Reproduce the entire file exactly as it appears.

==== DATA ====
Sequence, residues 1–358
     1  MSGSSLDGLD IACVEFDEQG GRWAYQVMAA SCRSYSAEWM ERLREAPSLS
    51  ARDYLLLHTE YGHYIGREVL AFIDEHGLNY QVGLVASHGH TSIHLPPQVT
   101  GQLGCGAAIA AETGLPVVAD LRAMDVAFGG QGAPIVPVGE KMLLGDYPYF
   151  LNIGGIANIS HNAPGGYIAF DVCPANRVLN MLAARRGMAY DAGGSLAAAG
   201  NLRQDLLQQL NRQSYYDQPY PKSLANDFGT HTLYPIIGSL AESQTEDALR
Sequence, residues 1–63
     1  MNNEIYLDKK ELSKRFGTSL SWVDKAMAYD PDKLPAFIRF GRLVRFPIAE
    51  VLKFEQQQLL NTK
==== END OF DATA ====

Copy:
Sequence, residues 1–358
     1  MSGSSLDGLD IACVEFDEQG GRWAYQVMAA SCRSYSAEWM ERLREAPSLS
    51  ARDYLLLHTE YGHYIGREVL AFIDEHGLNY QVGLVASHGH TSIHLPPQVT
   101  GQLGCGAAIA AETGLPVVAD LRAMDVAFGG QGAPIVPVGE KMLLGDYPYF
   151  LNIGGIANIS HNAPGGYIAF DVCPANRVLN MLAARRGMAY DAGGSLAAAG
   201  NLRQDLLQQL NRQSYYDQPY PKSLANDFGT HTLYPIIGSL AESQTEDALR
Sequence, residues 1–63
     1  MNNEIYLDKK ELSKRFGTSL SWVDKAMAYD PDKLPAFIRF GRLVRFPIAE
    51  VLKFEQQQLL NTK